There are more than 60 people of different nationalities living in the community village in Finland where my voluntary project takes place. While the majority of the villagers are apparently Finnish, the community is also home for a German, a Dane, an Italian, an Azerbaijani, a Latvian, a Polish, a Slovakian and a Spanish, as well as for two Russian volunteers, including me. We have a Ukrainian family here, too.
Albert, the community's farmer, is originally from Zaporizhzhia Oblast, the fertile agricultural land in the Southeast of Ukraine. Last year, after a couple of summers as a seasonal worker in the community's organic farm, he finally moved to Finland permanently and brought his family with him. We were helping them a little when they were moving to their new house in the village. A couple of times I carried Albert's youngest daughter on my shoulders pretending to be a riding horse. Not to mention the whole summer that we spent together with Albert on the field, sweating, getting sunburned and talking.
And the conversations we had were long as summer days. Albert also, as many Ukrainians, speaks Russian, though you can clearly hear the native influence on the language, in pronunciation and even in vocabulary when some Ukrainian word accidentally slips into his speech. Sometimes we would laugh at jokes that only Russians and Ukrainians would understand, sometimes the conversation got seriously deep and personal, sometimes we would just work in comfortable silence. And now I'm afraid to even say hi to him.
Two weeks ago when Russian troops invaded Ukraine, the connections between my homeland and the rest of the world started to tear apart. While all the support naturally goes to Ukraine, politically, economically, culturally and, most important, just humanly Russia became isolated. I believe this isolation is felt even more by those Russians who are now far away from their homes, like me and other international volunteers. I can only hope that my colleagues at their projects are treated with the same level of understanding and compassion as I am.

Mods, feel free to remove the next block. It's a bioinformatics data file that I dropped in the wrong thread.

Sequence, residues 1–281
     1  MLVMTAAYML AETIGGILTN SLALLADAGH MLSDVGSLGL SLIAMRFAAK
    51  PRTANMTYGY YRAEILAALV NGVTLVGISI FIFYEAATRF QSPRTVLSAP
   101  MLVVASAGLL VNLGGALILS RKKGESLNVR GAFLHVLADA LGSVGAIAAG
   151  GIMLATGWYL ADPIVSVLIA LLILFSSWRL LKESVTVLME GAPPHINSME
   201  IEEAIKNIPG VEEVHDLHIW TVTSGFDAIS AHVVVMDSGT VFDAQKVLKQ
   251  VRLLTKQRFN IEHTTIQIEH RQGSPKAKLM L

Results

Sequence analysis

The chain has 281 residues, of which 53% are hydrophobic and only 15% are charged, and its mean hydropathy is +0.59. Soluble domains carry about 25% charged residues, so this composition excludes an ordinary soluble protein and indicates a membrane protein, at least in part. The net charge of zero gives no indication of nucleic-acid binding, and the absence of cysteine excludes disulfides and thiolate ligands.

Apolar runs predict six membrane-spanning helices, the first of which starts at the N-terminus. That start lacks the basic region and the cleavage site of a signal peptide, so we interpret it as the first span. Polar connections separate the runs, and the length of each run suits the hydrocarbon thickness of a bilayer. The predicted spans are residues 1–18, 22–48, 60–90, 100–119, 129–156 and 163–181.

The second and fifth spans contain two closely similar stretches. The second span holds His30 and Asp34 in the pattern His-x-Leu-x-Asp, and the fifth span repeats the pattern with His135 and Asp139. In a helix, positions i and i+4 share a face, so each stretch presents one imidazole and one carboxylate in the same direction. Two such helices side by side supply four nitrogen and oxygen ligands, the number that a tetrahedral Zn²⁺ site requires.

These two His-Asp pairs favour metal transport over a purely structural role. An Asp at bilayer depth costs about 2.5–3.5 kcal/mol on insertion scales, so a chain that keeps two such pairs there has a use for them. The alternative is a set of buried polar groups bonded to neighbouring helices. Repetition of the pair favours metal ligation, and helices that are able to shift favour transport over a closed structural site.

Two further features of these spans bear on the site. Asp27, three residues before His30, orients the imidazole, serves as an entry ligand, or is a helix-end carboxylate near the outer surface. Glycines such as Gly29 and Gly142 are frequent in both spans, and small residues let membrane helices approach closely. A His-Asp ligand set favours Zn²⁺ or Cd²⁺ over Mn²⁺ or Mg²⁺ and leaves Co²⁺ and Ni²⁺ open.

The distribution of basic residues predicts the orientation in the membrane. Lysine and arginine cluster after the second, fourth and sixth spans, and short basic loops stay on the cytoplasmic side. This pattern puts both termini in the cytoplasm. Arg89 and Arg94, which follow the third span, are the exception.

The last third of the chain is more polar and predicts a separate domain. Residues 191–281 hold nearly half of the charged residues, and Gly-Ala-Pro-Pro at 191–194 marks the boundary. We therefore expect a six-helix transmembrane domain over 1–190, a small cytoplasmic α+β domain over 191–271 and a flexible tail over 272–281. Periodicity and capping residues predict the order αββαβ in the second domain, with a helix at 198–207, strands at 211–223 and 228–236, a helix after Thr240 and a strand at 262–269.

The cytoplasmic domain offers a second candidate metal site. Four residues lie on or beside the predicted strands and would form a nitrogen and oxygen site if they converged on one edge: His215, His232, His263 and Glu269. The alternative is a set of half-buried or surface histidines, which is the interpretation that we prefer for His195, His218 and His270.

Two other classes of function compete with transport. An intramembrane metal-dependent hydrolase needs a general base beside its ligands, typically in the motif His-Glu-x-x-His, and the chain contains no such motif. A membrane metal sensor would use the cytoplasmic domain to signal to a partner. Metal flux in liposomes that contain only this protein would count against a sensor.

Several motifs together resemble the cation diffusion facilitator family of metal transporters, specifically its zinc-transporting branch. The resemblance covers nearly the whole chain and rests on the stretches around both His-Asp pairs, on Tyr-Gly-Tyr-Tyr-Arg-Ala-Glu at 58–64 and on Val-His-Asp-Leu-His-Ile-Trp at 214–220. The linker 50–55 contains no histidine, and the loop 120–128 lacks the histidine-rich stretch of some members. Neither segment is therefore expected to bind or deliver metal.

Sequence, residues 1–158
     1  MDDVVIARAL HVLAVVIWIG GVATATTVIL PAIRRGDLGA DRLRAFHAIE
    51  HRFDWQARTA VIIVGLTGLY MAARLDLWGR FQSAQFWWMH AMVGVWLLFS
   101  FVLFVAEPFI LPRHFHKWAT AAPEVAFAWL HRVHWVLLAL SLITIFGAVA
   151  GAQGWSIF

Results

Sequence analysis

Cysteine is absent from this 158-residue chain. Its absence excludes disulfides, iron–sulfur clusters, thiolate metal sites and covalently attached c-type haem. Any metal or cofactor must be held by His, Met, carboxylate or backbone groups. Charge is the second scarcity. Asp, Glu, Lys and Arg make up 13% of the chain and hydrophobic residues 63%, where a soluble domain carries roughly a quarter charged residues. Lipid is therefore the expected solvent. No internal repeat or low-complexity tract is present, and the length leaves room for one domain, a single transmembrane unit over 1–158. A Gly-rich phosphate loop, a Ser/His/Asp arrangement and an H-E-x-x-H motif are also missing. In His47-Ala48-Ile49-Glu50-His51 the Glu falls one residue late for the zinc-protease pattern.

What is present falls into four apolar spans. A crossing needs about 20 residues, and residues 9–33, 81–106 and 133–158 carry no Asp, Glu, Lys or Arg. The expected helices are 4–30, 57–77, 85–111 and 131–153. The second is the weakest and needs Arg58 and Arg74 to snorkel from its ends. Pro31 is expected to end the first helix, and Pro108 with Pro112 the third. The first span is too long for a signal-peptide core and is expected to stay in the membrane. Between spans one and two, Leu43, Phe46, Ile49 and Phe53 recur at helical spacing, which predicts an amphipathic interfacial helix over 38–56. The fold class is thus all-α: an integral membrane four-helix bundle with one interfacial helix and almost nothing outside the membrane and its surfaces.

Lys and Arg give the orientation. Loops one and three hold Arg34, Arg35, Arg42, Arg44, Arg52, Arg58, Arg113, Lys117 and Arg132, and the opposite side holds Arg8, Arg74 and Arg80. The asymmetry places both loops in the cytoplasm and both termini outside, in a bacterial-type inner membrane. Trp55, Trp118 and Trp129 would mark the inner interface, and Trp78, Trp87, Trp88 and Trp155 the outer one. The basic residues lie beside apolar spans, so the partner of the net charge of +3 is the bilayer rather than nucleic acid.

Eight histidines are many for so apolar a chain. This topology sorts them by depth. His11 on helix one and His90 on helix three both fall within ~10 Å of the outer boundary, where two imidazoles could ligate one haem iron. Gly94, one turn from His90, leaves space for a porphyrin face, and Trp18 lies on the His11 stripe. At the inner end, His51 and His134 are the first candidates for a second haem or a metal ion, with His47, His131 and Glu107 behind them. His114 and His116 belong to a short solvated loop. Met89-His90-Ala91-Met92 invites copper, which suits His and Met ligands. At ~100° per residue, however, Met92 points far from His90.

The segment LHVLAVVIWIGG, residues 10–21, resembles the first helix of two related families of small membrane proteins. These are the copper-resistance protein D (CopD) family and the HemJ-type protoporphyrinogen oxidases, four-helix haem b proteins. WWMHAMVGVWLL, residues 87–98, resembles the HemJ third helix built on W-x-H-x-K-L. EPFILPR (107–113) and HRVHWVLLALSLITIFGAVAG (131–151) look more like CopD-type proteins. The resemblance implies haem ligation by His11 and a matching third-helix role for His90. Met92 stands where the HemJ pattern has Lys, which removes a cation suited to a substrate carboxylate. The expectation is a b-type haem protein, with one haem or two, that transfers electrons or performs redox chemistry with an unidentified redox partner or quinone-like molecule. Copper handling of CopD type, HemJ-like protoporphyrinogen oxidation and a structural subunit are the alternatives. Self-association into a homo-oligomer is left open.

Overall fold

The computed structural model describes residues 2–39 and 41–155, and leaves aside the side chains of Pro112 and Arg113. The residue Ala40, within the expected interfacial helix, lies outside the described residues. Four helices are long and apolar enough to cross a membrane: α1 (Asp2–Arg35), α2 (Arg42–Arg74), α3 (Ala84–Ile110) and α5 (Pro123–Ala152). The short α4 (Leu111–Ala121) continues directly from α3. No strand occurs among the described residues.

I've been volunteering here in the community village since last May, and locals got to know me quite well. Through me they can better understand Russian people and our struggles caused by the complexity of current political situation in my country. When you get to know someone personally there's no place for prejudgments and misunderstandings anymore. The connection made is strong enough so that even a war can't break it.
And now imagine there's a new person in your neighborhood, he surrounded his house with a wall so thick that you can barely hear a sound and so tall you practically don't see anything. You don't know a thing about him and can only guess who he is, his image gets filled with rumors and speculations and then the neighbors begin to treat him with distrust or even fear, adding more bricks to his wall while they only need to start talking. This is what is already happening to ordinary Russians and things will get even worse.
No doubt, the most important thing right now is to stop the war immediately and at any democratic cause. The death and demolition which Russian government brought to Ukraine is horrifying, but we should also think about the crucial human relations catastrophe which Russian politics brought to their own country. It will take years to build again what was destroyed in a couple of days. And I believe that, among other builders, international volunteers, the living carriers of inter-cultural relations, will be making the great amount of construction.
I believe this is significant that the Russian youth won't be banned from participating in international volunteering projects and ESC in particular. I hope that the connection between Russia and the rest of the world will be preserved at least at this level so then it can slowly start growing again.
By the way, I saw Albert the other day driving past me in a car. I hesitated, but he was the first one to wave his hand with greeting.